Sometimes when you ask a question that is really unique, the conversation  can trail off into a whole new direction where you learn more about your guest.

This sometimes leads to jokes, stories about family life, work life, or whatever. It's almost as though you're constantly breaking the ice with your guests to where they can open up even more during the interview.

So while you are genuinely curious about who they are, always keep asking the questions that you want to know that will help reveal more information during the interview.


Conducting a great interview is not just about preparation beforehand.

A great interview requires that the podcast interviewer is listening to every word their guest is saying.  

If you  have ever watched a great interviewer on a news show or late-night TV show, you will see that ever interviewer is listening carefully.  This is the key weapon to getting the best answer from a guest.

Late night TV show hosts or news anchors really do this the best.  You can see they are completely enveloped in the conversation and are listening for openings to ask deeper questions.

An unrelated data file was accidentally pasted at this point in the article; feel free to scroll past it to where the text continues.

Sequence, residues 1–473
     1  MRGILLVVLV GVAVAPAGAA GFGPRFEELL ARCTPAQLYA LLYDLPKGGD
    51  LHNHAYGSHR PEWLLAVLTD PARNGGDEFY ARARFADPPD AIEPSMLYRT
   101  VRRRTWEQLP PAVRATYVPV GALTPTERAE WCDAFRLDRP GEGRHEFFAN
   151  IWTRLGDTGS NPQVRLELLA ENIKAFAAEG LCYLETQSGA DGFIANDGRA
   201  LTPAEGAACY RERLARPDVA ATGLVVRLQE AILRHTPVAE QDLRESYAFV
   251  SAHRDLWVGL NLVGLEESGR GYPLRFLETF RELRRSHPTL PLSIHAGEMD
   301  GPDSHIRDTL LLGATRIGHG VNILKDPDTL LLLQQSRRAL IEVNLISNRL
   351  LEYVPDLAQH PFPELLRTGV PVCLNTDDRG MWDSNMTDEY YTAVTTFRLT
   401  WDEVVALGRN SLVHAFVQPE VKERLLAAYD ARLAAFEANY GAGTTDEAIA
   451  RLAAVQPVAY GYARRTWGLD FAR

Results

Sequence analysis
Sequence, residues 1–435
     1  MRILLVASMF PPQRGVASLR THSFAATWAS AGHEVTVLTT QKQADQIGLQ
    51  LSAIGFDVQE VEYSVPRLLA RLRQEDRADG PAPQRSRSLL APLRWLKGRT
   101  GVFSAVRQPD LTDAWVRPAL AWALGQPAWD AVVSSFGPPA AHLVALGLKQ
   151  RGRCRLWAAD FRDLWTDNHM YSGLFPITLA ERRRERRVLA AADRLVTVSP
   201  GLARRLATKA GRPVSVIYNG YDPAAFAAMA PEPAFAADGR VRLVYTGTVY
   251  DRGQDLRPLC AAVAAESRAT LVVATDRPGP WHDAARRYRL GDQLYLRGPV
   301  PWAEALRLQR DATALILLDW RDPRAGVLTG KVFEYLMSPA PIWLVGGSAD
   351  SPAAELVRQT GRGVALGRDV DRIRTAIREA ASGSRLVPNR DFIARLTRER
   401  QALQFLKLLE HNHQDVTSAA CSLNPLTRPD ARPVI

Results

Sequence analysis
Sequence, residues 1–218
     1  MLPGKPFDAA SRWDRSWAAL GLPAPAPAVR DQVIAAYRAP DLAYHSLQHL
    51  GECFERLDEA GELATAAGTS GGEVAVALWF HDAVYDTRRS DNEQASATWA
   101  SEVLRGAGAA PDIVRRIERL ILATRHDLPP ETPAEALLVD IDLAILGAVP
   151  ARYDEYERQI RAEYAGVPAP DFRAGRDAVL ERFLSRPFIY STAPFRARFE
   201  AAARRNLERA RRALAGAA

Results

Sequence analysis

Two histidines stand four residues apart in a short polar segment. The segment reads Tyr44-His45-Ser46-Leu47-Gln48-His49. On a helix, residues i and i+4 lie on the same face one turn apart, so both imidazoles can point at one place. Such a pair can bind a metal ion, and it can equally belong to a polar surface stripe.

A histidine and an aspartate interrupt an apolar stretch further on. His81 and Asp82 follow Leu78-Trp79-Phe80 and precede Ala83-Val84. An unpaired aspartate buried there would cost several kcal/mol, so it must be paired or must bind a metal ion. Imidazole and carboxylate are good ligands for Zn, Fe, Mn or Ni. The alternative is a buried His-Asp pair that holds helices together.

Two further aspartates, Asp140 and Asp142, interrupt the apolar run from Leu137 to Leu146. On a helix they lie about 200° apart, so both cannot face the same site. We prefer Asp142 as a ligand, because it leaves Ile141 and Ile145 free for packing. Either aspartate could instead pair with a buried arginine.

As a podcaster, it's no different for you. If your guest is famous and they go down a road that you want to know more about, you need to ask them that question.  

While you're listening to your guests speak about their topic, you also should be taking notes on a notepad. I can't tell you how many times I've had guests speaking and a number of questions popped up inside of my head that I had to write down.

Because the conversation goes super fast, I write small notes down to remind me to ask a question that can be referred back to later on in the conversation.

Being an active listener by  maintaining eye contact, but take notes and refer back to them when you get in a pinch for a question.

I hope these tips have helped you out. If you have any questions or need more clarification on something that I may have put into this blog,  leave a comment in the section down below and I will get back to you as soon as possible.

Thanks for reading.


 Whether you're feeling inspired to make a podcast like mine or you're just trying to figure out where to start, my FREE PDF GUIDE will show you where to get started in under 15 minutes.